Best Buy's turnaround plan shows promise
Better-than-expected results defied the naysayers. And with founder Schulze no longer a buyout player, that strategy is the retailer's best hope.
The Richfield, Minn.-based electronics retailer reported a net loss of $409 million, or $1.21 per share, compared with a year-ago loss of $1.81 billion, or $5.17 per share. Revenue rose 0.2% to $16.71 billion. Excluding one-time items, profit was $1.64 per share, beating the $1.54 average forecast of Wall Street. Best Buy's sales were better than the $16.34 billion consensus forecast.
Under Joly, Best Buy has slashed inventory levels and increased employee training as competition from rivals such as Amazon.com (AMZN) continues to intensify. The big-box store also recently announced plans to cut 400 workers from its headquarters. Still, even under the most optimistic scenarios, the chain has a tough road ahead.
Gross profit rate fell 10 basis points as Best Buy began matching prices of rivals to prevent "showrooming." That's the practice of shoppers looking at merchandise at retailers' bricks-and-mortar stores only to make their purchases at online sites that offer a lower price. Of course, Amazon -- a prime beneficiary of showrooming -- has more flexibility to cut prices further than Best Buy because it doesn't have the costs of physical stores.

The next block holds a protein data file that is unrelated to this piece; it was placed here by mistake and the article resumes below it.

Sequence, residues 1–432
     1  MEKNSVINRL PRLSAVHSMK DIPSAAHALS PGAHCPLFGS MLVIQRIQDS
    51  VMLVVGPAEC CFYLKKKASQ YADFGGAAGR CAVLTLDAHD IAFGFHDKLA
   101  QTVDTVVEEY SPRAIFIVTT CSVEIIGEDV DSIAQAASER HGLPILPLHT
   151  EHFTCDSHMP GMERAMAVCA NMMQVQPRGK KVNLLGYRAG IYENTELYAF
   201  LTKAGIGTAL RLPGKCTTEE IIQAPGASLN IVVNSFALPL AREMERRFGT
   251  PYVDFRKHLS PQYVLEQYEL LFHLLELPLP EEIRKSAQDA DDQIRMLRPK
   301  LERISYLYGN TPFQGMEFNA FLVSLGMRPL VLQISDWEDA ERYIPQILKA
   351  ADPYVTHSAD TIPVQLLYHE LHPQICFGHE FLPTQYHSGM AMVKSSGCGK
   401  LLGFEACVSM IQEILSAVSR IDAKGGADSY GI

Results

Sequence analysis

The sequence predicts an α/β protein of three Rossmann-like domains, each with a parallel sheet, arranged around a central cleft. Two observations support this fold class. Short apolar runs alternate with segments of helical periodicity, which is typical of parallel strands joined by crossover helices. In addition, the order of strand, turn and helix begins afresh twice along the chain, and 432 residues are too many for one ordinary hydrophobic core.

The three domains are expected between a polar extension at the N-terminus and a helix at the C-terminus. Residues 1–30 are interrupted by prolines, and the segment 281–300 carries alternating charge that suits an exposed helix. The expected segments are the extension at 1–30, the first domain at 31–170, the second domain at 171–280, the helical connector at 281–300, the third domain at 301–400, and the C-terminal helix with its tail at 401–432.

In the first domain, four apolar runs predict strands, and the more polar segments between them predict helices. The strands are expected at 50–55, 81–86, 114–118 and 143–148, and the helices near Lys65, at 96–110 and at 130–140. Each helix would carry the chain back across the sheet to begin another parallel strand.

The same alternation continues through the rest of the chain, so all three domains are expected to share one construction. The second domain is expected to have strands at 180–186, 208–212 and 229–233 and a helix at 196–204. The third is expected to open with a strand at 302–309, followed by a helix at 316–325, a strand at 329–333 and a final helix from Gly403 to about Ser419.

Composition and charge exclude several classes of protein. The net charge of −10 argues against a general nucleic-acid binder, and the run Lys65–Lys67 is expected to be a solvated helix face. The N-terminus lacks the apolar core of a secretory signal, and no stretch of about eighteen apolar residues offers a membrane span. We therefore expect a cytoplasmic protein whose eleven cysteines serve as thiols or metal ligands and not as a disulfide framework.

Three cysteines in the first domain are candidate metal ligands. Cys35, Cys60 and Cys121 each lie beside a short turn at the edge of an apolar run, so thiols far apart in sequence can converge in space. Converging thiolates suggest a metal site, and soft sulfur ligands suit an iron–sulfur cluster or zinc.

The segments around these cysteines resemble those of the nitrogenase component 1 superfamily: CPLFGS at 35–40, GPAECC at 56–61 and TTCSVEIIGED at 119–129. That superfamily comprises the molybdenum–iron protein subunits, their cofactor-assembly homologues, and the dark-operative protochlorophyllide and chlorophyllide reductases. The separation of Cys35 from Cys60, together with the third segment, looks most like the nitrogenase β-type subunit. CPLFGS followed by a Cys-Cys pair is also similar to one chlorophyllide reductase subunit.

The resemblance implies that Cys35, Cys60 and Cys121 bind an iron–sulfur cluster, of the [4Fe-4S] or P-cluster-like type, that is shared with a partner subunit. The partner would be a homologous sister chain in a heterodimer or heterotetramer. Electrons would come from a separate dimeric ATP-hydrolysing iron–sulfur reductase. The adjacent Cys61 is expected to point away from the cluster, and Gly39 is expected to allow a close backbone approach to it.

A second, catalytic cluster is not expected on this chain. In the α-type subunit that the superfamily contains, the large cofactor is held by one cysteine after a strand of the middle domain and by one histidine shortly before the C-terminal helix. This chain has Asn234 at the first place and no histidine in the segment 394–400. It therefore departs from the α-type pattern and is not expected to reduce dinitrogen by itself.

The chain's improving fortunes, ironically, may be bad news for Schulze, who was unable to get financing to take Best Buy private. According to Reuters, Best Buy also turned down an offer by Schulze and two private equity partners to make a $1 billion minority investment. It remains unclear what steps Schulze will take next.
Best Buy has no choice now but to proceed with Joly's turnaround strategy because it didn't receive a formal acquisition offer from Schulze by a deadline the company had set.
--Jonathan Berr does not own shares of the listed stocks. Follow him on Twitter @jdberr.
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